Godzilla (2014)

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A lot of people absolutely hated the 1998 Hollywood version of Godzilla starring Matthew Broderick, Hank Azaria and Jean Reno. I must be in the minority, because I actually didn’t think it was all that terrible. Well, here are some 16 years later and Hollywood is once again revisiting one of Japan’s most beloved icons. This time around, instead of getting Ferris Bueller and the many voices of Springfield’s residents, we get Walter White and Kick-Ass. Go figure.

The good and bad news here, depending on how you look at it, is that they’re not exactly trying to reinvent the wheel. There’s still a giant beast that is apparently born out of and feeds off of radiation. There are still people running away from said prehistoric-looking beast as the monster proceeds to destroy just about everything in sight. And yes, the misguided military is still in there trying to fight this thing. If it were not for the lack of the Jaeger mech suits, you’d swear this was another Pacific Rim movie.

The thing is that we wanted to see a monster movie with all sorts of epic monstrous destruction, but this take on Godzilla almost focuses too much on the human element of the tale and we’re still left with a film that is somehow lacking a soul. I find that I really didn’t care about the couple played by Aaron Taylor-Johnson and Elizabeth Olsen. Sure, the fleeting battle between Godzilla and his primary foe (trying to avoid spoilers here) can be entertaining, but there needed to be more of it and less of Ken Watanabe’s unscientific science. And that’s a shame, because the trailers sure made this remake look epic.

The Amazing Spider-Man 2 (2014)

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Whether you like Tobey Maguire or Andrew Garfield as the mild-mannered Peter Parker is a matter of personal preference. I thought the reboot in the first Amazing Spider-man movie did a good job of presenting the origin story to us (again) and now the story digs a little further into not only the tale of Peter Parker, but also how it all ties in together with his father, Oscorp and a radioactive spider. There was potential.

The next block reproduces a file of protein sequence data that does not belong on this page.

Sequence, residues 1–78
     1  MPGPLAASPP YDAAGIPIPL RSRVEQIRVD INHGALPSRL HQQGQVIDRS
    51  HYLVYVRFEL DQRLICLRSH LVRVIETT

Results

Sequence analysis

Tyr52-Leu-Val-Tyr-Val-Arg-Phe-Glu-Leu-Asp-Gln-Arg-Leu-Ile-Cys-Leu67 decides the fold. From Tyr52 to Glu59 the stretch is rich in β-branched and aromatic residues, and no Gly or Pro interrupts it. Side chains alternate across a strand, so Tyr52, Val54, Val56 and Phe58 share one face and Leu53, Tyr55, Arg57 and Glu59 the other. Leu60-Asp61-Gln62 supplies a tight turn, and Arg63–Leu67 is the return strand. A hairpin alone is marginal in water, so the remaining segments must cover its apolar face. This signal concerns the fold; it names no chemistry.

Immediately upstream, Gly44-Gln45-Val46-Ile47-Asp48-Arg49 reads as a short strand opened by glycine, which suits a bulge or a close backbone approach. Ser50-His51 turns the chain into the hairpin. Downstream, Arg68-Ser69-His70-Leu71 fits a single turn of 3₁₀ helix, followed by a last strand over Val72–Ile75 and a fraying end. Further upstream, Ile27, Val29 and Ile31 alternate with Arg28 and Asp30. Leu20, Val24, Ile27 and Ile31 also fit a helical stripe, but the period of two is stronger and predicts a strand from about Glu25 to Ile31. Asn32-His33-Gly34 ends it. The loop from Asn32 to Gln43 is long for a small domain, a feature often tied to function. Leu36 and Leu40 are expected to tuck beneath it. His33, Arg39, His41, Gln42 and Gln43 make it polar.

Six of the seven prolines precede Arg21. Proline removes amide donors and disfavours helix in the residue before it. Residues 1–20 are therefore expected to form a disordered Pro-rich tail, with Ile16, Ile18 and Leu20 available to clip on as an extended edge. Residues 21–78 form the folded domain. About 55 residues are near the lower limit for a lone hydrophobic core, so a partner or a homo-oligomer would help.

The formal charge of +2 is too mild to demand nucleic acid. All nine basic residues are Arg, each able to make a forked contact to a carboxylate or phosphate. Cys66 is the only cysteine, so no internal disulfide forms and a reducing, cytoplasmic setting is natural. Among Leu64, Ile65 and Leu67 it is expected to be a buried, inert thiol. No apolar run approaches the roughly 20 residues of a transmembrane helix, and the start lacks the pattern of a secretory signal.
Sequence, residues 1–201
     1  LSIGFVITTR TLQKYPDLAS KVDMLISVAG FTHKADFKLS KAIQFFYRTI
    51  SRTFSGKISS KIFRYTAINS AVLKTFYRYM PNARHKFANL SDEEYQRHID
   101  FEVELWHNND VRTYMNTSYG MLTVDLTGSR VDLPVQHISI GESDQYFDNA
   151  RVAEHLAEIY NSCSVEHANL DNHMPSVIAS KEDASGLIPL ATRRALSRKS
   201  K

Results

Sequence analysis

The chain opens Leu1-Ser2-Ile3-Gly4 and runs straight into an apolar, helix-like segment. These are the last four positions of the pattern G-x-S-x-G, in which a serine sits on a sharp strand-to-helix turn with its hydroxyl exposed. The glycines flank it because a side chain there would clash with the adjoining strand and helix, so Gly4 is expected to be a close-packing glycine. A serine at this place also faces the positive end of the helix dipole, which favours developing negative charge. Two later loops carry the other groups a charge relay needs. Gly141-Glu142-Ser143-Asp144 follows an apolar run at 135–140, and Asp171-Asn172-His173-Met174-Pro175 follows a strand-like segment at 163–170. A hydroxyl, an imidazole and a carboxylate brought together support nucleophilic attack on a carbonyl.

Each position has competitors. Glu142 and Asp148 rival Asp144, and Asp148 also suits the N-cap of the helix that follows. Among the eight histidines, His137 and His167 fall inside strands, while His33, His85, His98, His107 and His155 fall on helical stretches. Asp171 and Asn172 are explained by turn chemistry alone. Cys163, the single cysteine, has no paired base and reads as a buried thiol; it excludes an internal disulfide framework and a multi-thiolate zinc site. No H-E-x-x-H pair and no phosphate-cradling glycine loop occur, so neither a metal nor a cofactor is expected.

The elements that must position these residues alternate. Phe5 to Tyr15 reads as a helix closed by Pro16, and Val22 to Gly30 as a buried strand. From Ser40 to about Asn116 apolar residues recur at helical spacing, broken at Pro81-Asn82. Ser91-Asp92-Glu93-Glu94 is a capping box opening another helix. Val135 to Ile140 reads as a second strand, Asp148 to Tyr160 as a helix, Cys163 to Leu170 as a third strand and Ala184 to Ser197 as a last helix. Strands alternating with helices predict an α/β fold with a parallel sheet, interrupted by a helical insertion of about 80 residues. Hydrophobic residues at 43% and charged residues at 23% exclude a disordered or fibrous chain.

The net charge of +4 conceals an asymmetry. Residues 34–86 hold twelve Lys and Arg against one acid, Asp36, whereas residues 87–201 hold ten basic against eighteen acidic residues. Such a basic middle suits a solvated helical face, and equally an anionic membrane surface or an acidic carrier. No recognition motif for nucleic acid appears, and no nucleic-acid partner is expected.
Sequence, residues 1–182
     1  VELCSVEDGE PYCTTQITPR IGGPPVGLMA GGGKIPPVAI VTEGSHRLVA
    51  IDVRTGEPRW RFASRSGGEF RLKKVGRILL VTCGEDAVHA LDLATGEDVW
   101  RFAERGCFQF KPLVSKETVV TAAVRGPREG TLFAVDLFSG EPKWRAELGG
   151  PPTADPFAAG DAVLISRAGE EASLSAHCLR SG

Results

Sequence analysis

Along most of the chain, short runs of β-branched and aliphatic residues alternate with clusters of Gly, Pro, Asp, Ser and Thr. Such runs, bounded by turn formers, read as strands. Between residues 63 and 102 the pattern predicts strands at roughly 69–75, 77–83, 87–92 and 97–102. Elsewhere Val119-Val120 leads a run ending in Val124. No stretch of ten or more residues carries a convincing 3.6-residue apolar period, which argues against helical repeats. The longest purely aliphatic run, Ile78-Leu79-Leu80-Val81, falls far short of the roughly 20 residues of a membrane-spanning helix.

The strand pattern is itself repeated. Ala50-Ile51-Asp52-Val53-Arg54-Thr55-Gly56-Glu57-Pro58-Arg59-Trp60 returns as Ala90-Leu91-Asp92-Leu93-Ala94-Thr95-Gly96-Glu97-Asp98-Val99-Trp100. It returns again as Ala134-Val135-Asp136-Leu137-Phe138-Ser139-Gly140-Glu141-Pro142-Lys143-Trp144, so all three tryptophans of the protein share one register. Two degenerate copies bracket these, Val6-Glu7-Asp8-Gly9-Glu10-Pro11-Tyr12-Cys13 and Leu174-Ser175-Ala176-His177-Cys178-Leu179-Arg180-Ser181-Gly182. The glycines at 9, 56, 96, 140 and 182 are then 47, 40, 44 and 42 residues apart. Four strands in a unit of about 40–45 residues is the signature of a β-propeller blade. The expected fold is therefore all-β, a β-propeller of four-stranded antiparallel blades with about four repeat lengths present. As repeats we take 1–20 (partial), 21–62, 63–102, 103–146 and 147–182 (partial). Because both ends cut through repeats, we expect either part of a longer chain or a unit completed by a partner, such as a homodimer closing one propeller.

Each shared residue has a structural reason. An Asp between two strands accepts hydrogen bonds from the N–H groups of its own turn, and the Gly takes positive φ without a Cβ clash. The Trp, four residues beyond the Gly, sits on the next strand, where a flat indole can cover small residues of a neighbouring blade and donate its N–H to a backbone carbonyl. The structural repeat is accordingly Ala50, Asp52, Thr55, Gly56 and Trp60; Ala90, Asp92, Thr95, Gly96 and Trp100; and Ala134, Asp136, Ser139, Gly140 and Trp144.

But I almost feel like the potential was woefully squandered in this second outing, mostly because there are far too many moments in this movie that left me scratching my head. Jamie Foxx is perfectly fine as Electro, I suppose, but why is that when he seemingly converts into a being of pure energy, he still re-materializes with a pair of shorts on? I guess they didn’t want to go full Dr. Manhattan on us. And why is that the deadly disease afflicting Norman Osborn doesn’t become critical until his later years, but Harry Osborn is apparently only given days to live when he’s still a youth? And since when did Felicia start working for Oscorp too?

If you’re willing to cast aside all of these curiosities, if you’re willing to abandon any semblance of a logical story, then you’ll still find some enjoyment in the “amazing” action sequences… even if they happen to be filled with all sorts of happy coincidences too. At least these characters seem to have some soul to them.

Syriana (2005)

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George Clooney. Christopher Plummer. Matt Damon. Amanda Peet. A Middle Eastern setting with a strong political agenda. Syriana has all the makings of a film that would be hugely popular among the Hollywood elite.

For me, unfortunately, the 128-minute movie just felt long and boring. We get a series of inter-tangled storylines that involve rising oil magnates, the CIA, and a group of suddenly unmployed migrant workers that form what appears to be a terrorist group. We get the strained relationship between China and America, intermingled with business and politics. As the tagline goes, “everything is connected,” but it feels like we are barely brushing the surface of any one narrative. Worse yet, I didn’t feel all that entertained nor did I gain any new insights into the politics of oil.

Don’t get me wrong. The acting here is definitely first rate and both Damon and Clooney bring a lot to the table, but I felt so lost in the intricately complex plot and it was not a positive, disorienting experience. There is no natural sense of progression, but maybe that’s the point. Maybe Syriana is trying to illustrate just how complicated these “oil problems” can be.